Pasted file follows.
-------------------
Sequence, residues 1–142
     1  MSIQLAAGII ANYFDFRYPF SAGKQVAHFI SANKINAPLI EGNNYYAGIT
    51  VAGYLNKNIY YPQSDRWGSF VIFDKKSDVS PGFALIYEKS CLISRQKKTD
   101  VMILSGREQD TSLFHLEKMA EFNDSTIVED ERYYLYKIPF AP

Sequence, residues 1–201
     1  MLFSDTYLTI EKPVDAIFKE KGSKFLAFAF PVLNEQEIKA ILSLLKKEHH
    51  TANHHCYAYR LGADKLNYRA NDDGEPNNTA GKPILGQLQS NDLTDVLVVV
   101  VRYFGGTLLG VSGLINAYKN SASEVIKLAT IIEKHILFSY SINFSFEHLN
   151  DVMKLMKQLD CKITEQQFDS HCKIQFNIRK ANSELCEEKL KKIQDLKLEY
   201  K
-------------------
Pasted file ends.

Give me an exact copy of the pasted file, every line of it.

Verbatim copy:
Sequence, residues 1–142
     1  MSIQLAAGII ANYFDFRYPF SAGKQVAHFI SANKINAPLI EGNNYYAGIT
    51  VAGYLNKNIY YPQSDRWGSF VIFDKKSDVS PGFALIYEKS CLISRQKKTD
   101  VMILSGREQD TSLFHLEKMA EFNDSTIVED ERYYLYKIPF AP

Sequence, residues 1–201
     1  MLFSDTYLTI EKPVDAIFKE KGSKFLAFAF PVLNEQEIKA ILSLLKKEHH
    51  TANHHCYAYR LGADKLNYRA NDDGEPNNTA GKPILGQLQS NDLTDVLVVV
   101  VRYFGGTLLG VSGLINAYKN SASEVIKLAT IIEKHILFSY SINFSFEHLN
   151  DVMKLMKQLD CKITEQQFDS HCKIQFNIRK ANSELCEEKL KKIQDLKLEY
   201  K